Saturday, July 25, 2009

Friday Fishing Report: Only God can make a Hailstorm

Maybe I shouldn't have said "hailstorm" when I was talking about the grasshoppers.
I tied up a couple of revised hopper patterns this afternoon. I went all fancy with them. I was eager to try them out so I got away for the evening.
We had a good rain with some thunder and lightning all day yesterday. The weather report today called for isolated thunderstorms. I guess the lake qualifies as "isolated." Clouds were rolling in as I started fishing.
I had a near miss from a trout and was just getting serious with him when the wind picked up, thunder rumbled, and big drops of rain began to fall. I backed into the willows and put on my rainjacket and settled in to watch the show. There was some lightning and thunder, but not as much as I expected. This storm had another surprise in store.
It began with a heavy rain.
It then moved quickly to the main event: hail.

I have to say, getting the shot sometimes involves pain. Those hailstones hurt when they whack you on the knuckles. When I didn't have the camera out I had my arms folded with my hands tucked in my armpits.
But it was well worth it.
The storm rumbled away to the south and I paddled back out into a lake littered with leaves stripped off by the hail.
I picked up right where I had left off. I don't know if this was the same fish I missed earler, but he was in the same area and he came right to the fly.
But then things got slow. Maybe it was the rain and hail, but all activity on the part of the trout seemed to have stopped. I worked a lot of bank without any sign that anyone was paying attention.
Except these geese. These are the goslings of a few weeks ago, now old enough to get their learner's permit.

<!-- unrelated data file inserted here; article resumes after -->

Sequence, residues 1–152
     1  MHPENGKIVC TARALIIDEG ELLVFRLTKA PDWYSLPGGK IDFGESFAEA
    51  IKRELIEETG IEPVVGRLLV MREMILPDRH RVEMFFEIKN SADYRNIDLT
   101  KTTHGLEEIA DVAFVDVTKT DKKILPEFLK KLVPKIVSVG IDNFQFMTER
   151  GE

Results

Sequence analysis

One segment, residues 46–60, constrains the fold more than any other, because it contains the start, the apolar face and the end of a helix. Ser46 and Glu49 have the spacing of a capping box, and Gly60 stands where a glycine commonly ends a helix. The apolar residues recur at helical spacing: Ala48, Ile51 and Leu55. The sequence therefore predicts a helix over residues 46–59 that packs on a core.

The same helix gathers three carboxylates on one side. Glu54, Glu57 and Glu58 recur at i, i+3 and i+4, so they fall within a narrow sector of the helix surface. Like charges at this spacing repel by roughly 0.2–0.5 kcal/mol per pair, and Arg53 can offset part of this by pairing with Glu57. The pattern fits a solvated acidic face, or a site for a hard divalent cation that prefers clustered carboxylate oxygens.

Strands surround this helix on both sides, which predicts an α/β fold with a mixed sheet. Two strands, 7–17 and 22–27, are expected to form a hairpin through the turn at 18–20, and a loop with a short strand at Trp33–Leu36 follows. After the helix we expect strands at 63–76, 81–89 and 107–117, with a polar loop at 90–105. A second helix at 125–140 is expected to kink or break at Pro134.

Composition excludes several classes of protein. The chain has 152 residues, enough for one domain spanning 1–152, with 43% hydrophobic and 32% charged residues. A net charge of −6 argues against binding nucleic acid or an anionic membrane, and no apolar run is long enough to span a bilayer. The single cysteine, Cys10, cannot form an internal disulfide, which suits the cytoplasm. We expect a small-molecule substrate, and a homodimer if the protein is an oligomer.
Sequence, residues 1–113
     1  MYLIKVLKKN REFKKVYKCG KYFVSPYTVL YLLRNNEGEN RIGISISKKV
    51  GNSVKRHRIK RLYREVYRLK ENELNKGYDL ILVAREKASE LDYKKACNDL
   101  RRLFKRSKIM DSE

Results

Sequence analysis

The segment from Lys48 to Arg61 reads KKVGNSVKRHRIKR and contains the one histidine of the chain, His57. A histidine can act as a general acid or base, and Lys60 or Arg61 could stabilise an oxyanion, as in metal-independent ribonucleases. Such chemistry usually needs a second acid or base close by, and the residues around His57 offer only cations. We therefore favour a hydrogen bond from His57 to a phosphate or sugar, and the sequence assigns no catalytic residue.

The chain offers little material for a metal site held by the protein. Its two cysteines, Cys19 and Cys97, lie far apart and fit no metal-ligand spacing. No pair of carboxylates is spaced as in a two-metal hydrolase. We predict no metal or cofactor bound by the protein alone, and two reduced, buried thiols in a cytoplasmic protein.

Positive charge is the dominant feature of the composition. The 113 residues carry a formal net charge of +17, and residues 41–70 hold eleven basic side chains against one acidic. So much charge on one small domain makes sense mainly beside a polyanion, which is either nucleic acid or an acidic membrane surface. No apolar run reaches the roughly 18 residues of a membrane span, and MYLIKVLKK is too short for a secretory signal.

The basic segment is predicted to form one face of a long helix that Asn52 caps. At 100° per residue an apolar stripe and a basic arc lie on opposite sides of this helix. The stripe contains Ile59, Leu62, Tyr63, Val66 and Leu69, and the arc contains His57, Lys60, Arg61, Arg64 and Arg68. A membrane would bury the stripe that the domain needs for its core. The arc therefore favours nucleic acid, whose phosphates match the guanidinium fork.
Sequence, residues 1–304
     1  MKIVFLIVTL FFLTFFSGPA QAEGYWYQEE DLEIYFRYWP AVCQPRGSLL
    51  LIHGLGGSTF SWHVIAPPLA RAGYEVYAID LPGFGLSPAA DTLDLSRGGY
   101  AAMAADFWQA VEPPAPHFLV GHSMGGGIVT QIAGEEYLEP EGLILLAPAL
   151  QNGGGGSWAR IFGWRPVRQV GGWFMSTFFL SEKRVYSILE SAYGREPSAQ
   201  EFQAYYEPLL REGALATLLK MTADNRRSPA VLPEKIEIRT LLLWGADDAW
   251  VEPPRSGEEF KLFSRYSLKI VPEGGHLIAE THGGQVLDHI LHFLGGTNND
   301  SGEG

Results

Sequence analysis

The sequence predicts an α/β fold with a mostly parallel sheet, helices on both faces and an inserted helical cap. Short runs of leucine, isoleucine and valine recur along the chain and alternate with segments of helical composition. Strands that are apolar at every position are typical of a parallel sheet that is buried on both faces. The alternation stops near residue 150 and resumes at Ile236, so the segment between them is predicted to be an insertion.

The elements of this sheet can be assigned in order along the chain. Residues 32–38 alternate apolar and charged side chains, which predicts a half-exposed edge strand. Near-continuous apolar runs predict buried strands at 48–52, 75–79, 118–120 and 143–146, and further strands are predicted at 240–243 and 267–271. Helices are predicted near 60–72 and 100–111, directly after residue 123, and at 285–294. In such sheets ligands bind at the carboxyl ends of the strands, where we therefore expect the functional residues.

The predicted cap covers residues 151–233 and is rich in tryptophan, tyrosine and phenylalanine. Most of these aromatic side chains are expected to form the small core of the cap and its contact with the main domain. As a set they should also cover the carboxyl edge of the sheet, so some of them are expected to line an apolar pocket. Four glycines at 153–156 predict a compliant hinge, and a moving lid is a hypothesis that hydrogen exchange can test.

There was a hatch again down at the far south end, and this mayfly was coming off in increasing numbers. I think it's the Speckled Quill.
It took awhile for the trout to begin to rise in any numbers, but they finally did. I caught a Rainbow on a small Adams, but again it jumped out of my hand when I was taking it out of the net and got away without a picture.
There was an interesting footnote to the evening. There had been a couple of good cracking thunderclaps to the north, and it wasn't long after the storm passed that I heard a helicopter off in that direction.
Yesterday I had watched a storm with spectacular lightning roll through. Afterward, as I drove through the area it had passed, I saw smoke rising from a spot up on the ridge, an apparent lightning strike. I was getting ready to call someone to report it when a Forest Service helicopter roared by. They seem to keep close tabs on these storms.
So this evening I heard the helicopter coming in my direction. The ridges and mountains began to pick up and amplify and echo the sound of its rotors. Then it came around a bend, flying low right over the lake as it threaded the valley south.
I have to say it was impressive as hell. The pictures don't do it justice. It seemed to fill the valley when it passed over. The sound of it certainly did.
Maybe it's a good sign: the most impressive things we humans are capable of are still dwarfed by the natural world. We can make helicopters, and make them real loud.
But only God can make a trout--or a hailstorm.

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